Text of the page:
Friday, 11 March 2016

Interview with Debbie Ballard

Monika: Today it is my pleasure and honor to interview Debbie Ballard, an American IT architect consultant, writer, the author of the biographical books titled “Debbie's Secret Life: LGBT in Stealth” (2013), and “Living in Stealth: Undercover (2015)”. Debbie was also a leader in the commercialization of the Internet (1992-1996), Linux and Open Source (1996-2004), Globalization (2004-2013). Hello Debbie!
Debbie: Hi Monika, it’s a pleasure to be able to participate.
Monika: Could you say a few words about yourself?
Debbie: I’m a transgender woman. I knew that I was a girl inside by the time I was 2 years old, several times during my life I reached out for help, and because of laws and restrictions on the medical profession, I was forced to keep my gender Dysphoria a secret. I started to transition in 1988 and was about to start HRT when I was faced with the choice of giving up transition or never seeing my children again. Shortly after my daughter graduated from college, in 2009, I began to transition again. I went full-time in 2013 and have been living as a female ever since.
Monika: Why did you decide to write your autobiography?
Debbie: Both of my books are mostly autobiographical. My first book, “Debbie’s Secret Life” was based on notes from 12 step inventories over the previous 30+ years. This book was mainly to help other people understand what it was like to grow up transgender and what it was like to try to transition. It was a nice first effort, but much like many other transgender autobiographies.
The second book “Living in Stealth: Undercover” was intended to really focus on what happens to transgender girls who do NOT get help with the transition. I grew up in a time when the “treatment” for transgender girls was not transitioning, but rather an attempt at forced brain-washing that included shock therapy and aversion therapy – described in a great deal in “A Clockwork Orange”. I had seen too many conservatives who had no clue what it was to be transgender. I wanted to write a book that was addressed to parents, teachers, counselors, therapists, doctors, and political leaders.
This was a book intended to show people that most transgender girls are not Olympic athletes, they are not even Alpha males. Transgender girls have brains and biology that are different from cisgender men. Undercover describes the experience of knowing you are a girl and having to keep it a secret, like a spy working undercover, like a Jew living in Nazi Europe.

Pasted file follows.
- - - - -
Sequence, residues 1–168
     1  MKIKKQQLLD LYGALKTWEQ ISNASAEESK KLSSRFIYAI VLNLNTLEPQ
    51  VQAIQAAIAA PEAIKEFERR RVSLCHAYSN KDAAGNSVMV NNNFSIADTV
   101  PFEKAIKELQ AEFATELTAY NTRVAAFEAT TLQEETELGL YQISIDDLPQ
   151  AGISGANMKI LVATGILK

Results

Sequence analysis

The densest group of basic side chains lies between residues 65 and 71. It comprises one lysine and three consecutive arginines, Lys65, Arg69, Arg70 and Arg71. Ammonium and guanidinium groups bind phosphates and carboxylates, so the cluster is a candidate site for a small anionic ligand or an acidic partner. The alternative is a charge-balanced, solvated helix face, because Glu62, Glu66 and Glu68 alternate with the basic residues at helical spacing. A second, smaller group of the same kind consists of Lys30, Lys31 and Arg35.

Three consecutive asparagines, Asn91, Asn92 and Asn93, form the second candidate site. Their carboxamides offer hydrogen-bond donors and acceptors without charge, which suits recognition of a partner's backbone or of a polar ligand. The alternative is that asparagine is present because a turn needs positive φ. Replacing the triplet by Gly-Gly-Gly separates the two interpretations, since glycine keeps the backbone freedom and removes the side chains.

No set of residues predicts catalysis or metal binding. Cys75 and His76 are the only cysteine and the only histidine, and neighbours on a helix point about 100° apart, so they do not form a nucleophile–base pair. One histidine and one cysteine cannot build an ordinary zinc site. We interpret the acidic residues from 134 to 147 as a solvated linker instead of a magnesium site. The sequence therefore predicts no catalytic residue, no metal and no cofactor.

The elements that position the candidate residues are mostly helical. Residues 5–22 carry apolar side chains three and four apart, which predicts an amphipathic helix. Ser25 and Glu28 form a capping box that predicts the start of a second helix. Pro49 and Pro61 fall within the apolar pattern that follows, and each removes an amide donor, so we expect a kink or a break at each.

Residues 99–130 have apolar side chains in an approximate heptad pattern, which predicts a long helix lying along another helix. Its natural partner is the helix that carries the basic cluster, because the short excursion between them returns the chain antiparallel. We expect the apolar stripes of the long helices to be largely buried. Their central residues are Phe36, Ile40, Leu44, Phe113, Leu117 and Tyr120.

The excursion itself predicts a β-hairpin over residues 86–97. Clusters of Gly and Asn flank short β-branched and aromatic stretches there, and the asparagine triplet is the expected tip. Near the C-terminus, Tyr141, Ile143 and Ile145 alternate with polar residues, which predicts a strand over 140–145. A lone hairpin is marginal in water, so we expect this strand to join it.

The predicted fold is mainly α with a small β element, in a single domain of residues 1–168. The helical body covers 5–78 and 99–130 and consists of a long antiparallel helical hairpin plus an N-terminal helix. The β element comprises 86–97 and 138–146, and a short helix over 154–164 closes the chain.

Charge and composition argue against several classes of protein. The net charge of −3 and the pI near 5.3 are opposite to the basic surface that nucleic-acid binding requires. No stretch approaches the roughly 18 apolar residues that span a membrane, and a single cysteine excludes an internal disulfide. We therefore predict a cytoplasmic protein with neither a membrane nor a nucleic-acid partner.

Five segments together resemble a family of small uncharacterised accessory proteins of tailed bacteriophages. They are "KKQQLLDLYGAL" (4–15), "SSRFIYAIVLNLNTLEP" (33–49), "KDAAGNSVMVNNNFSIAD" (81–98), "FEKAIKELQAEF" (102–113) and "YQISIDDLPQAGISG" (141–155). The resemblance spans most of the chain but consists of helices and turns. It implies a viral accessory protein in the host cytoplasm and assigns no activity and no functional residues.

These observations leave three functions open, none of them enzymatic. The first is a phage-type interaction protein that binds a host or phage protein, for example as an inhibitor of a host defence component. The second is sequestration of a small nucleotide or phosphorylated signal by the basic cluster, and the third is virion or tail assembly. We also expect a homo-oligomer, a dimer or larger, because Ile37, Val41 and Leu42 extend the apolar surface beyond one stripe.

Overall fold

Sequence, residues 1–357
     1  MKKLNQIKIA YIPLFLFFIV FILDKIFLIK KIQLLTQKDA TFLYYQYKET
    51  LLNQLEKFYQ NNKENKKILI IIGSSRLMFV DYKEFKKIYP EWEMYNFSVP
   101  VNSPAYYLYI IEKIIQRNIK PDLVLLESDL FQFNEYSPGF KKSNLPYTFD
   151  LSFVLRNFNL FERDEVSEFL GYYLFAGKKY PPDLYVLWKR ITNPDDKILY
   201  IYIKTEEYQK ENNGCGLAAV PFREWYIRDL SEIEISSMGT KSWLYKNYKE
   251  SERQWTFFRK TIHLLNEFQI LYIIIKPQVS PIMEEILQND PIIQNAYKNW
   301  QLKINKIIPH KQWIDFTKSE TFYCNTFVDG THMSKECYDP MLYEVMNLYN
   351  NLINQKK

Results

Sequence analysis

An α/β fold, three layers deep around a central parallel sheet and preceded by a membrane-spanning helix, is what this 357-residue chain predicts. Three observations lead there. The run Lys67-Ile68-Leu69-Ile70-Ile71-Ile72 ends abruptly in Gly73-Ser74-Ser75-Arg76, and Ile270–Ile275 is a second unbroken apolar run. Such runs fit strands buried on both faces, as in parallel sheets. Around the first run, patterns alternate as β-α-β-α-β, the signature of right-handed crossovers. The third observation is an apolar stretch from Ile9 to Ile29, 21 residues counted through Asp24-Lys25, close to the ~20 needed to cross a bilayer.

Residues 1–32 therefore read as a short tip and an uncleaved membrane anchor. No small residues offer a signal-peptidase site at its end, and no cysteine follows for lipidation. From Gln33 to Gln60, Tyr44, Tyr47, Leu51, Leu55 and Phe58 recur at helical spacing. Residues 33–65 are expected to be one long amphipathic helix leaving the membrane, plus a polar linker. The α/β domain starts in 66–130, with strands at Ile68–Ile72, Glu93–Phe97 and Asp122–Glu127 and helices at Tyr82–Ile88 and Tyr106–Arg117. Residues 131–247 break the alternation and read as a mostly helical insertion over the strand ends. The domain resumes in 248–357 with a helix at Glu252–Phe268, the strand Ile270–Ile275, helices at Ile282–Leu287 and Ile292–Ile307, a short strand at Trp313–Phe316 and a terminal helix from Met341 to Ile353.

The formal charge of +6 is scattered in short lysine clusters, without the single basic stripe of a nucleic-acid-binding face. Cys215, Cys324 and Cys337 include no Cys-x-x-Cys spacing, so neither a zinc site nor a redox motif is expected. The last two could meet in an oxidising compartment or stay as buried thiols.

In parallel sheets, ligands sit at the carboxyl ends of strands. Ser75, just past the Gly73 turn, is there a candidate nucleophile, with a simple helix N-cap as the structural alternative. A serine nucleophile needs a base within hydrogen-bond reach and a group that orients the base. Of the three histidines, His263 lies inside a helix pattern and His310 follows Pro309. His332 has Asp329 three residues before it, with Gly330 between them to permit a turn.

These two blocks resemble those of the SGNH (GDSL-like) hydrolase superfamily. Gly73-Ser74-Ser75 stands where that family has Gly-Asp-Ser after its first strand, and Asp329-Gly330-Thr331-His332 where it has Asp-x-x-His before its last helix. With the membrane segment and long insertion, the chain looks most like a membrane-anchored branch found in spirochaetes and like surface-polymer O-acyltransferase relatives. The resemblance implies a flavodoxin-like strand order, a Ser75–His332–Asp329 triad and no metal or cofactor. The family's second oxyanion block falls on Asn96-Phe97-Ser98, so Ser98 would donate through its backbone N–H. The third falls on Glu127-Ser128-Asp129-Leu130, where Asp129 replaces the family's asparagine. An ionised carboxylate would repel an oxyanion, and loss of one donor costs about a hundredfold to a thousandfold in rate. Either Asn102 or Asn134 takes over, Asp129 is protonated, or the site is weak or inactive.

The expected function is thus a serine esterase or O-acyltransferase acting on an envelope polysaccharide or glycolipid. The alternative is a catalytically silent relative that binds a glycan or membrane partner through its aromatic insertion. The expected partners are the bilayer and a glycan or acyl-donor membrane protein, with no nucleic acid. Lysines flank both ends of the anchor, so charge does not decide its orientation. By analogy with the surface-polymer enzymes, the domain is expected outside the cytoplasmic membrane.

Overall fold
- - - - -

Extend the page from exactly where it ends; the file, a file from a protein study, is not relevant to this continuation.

Monika: Which aspects of your experience can be useful for other transwomen?
Debbie: If I can do anything, I want to give transgender women hope, courage, and strength. We know too well the fear. When we are younger, there is the fear of being bullied by not just one or two boys, but a dozen or more at a time. Later, we fear losing friends, lovers, girlfriends, or boyfriends. Many of us go on to get married and live in fear of losing wives, children, property, and careers.
In my books, I point out these fears, confronting them head-on, but I also show the wondrous life that opens up when we finally have the courage to be our True Selves.
My greatest regret is that I had to wait 50 years to transition. I would like to spare others that regret.

via Amazon

Monika: At what age did you transition into a woman yourself? Was it a difficult process?
Debbie: By the time I was 3 years old, most of my friends were girls, and I preferred the friendship and company of girls to boys. When I was 6, we traded clothes with each other and the girl whose house we were playing in got very upset. She rushed me into the bathroom, stripped me, called me evil and an abomination, she put me in my boy’s clothes, and sent me home. She then called the school, the PTA, and through the phone tree, got to the school board, the principal, and the teacher. After that, I was forbidden to play with girls during school hours.
I was forced to play with boys, and nearly every time, the result was beatings, injuries, bruises, and often even hospitalizations. Dressing up was my only chance to feel “Right”, and I did it often. By the time I was 10, I fit my mom’s clothes and was a very pretty girl. But because of the laws and medical profession standards of the time, I had to keep it a secret.